The Beagle Breed Standard
(As from 01/01/2010) Ammended 21/08/2014


INTRODUCTORY PARAGRAPH  

A Breed Standard is the guideline which describes the ideal characteristics, temperament and appearance including the correct colour of a breed and ensures that the breed is fit for function. Absolute soundness is essential. Breeders and judges should at all times be careful to avoid obvious conditions or exaggerations which would be detrimental in any way to the health, welfare or soundness of this breed. From time to time certain conditions or exaggerations may be considered to have the potential to affect dogs in some breeds adversely, and judges and breeders are requested to refer to the Breed Watch section of the Kennel Club website here
www.the-kennel-club.org.uk/services/public/breeds/watch
If a feature or quality is desirable it should only be present in the right measure. However if a dog possesses a feature, characteristic or colour described as undesirable or highly undesirable it is strongly recommended that it should not be rewarded in the show ring.


GENERAL APPEARANCE: A sturdy, compactly-built hound, conveying the impression of quality without coarseness.

CHARACTERISTICS: A merry hound whose essential function is to hunt, primarily hare, by following a scent. Bold, with great activity, stamina and determination. Alert, intelligent and of even temperament.

TEMPERAMENT: Amiable and alert, showing no aggression or timidity.
HEAD & SKULL: Fair length, powerful without being coarse, finer in the bitch, free from frown and wrinkle. Skull slightly domed, moderately wide, with slight peak. Stop well defined and dividing length, between occiput and tip of nose, as equally as possible. Muzzle not snipy, lips reasonably well flewed. Nose broad, preferably black, but less pigmentation permissible in lighter coloured hounds. Nostrils wide.

EYES: Dark brown or hazel, fairly large, not deep set or prominent, set well apart with mild appealing expression.

EARS: Long, with rounded tip, reaching nearly to end of nose when drawn out. Set on low, fine in texture and hanging gracefully close to cheeks
.
MOUTH: The jaws should be strong, with a perfect, regular and complete scissor bite, i.e. the upper teeth closely overlapping lower teeth and set square to the jaws.


NECK: Sufficiently long to enable hound to come down easily to scent, slightly arched and showing little dewlap.

FOREQUARTERS: Shoulders well laid back, not loaded. Forelegs straight and upright well under the hound, good substance, and round in bone, not tapering off to feet. Pasterns short. Elbows firm, turning neither in nor out. Height to elbow about half height at withers.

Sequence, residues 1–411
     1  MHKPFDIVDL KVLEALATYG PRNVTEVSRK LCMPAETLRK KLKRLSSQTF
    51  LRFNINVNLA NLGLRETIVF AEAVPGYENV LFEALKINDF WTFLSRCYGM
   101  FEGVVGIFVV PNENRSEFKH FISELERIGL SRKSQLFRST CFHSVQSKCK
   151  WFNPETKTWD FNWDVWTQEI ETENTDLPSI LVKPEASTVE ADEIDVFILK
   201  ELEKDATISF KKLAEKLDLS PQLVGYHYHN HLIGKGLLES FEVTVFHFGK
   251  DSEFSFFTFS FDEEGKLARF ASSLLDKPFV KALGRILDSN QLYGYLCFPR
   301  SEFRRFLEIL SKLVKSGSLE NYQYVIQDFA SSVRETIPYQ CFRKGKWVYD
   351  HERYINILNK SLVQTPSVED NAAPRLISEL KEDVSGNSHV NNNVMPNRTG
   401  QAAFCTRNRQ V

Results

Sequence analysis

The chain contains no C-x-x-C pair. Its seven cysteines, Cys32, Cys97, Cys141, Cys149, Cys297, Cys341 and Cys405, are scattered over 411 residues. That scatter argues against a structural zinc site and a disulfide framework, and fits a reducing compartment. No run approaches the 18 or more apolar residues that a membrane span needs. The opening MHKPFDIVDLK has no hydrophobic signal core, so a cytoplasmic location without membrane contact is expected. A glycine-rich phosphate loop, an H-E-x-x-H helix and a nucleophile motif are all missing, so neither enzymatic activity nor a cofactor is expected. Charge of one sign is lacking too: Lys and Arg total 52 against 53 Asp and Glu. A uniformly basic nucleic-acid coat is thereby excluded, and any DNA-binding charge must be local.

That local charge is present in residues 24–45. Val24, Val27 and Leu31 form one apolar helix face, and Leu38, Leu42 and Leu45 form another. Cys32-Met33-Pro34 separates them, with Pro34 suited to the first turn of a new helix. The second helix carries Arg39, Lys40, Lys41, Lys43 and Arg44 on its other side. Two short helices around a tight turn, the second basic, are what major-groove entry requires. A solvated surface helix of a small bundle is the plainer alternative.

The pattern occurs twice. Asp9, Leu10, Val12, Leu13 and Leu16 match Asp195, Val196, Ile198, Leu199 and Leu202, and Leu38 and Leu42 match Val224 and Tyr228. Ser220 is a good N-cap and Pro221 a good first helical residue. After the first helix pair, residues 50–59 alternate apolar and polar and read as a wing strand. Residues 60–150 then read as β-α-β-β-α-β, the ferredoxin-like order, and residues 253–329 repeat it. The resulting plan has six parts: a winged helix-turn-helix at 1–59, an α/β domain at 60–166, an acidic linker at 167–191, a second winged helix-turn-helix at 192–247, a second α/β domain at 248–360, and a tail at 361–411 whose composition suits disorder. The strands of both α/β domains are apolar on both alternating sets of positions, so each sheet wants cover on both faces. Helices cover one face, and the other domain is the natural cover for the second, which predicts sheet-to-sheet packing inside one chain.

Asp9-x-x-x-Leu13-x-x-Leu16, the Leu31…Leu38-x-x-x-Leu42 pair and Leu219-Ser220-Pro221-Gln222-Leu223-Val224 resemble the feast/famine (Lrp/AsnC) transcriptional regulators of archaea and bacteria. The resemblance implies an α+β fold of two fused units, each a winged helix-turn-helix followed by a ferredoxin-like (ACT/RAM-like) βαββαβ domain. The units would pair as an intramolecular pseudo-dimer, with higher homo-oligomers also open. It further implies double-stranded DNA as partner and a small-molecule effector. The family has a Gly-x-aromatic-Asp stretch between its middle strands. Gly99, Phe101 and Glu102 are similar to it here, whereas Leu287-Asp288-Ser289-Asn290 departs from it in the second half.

BODY: Topline straight and level. Chest let down to below elbow. Ribs well sprung and extending well back. Short in the couplings but well balanced. Loins powerful and supple, without excessive tuck-up.

HINDQUARTERS: Muscular thighs. Stifles well bent. Hocks firm, well let down and parallel to each other.

FEET: Tight and firm. Well knuckled up and strongly padded. Not hare-footed. Nails short.

TAIL: Sturdy, moderately long. Set on high, carried gaily but not curled over back or inclined forward from root. Well covered with hair, especially on underside
.
GAIT/MOVEMENT: Back level, firm with no indication of roll. Stride free, long reaching in front and straight without high action; hind legs showing drive. Should not move close behind nor paddle nor plait in front.

COAT: Short, dense and weatherproof.

COLOUR:  Tricolour (black, tan and white); blue, white and tan; badger pied; hare pied; lemon pied; lemon and white; red and white; tan and white; black and white; all white. With the exception of all white, all the above mentioned colours can be found as mottle. No other colours are permissible. Tip of stern white.

SIZE: Desirable minimum height at withers 33cm (13ins.).
         Desirable maximum height at withers 40cm (16ins.).

FAULTS: Any departure from the foregoing points should be considered a fault and the seriousness with which the fault should be regarded should be in exact proportion to its degree and its effect upon the health and welfare of the dog and on the dog's ability to perform its traditional work. 

NOTE: Male animals should have two apparently normal testicles fully descended into the scrotum.

Copyright The Kennel Club
Reproduced with their kind permission





Defining the Colours in the UK Beagle Standard

The Kennel Club states in our Breed standard (from January 1st 2010):
“Colour: Tricolour (black, tan and white); blue, white and tan; badger pied; hare pied; lemon pied; lemon and white; red and white; tan and white; black and white; all white. With the exception of all white, all the above mentioned colours can be found as mottle. No other colours are permissible. Tip of stern white.”
We have tried to reproduce examples of the colours here to help explain this part of the Beagle Breed Standard. If you have any questions please contact Sam Goldberg or any other member of the NMCBC to help you understand them or if you would like help with registering puppies the correct colour.

Tricolours: black, tan and white. Puppies are born mainly black and white or with some tan showing. The amount of white varies from hound to hound. As they age the black area gradually changes to more tan and some may lose most of their original black with the saddle over the body being the last to fade.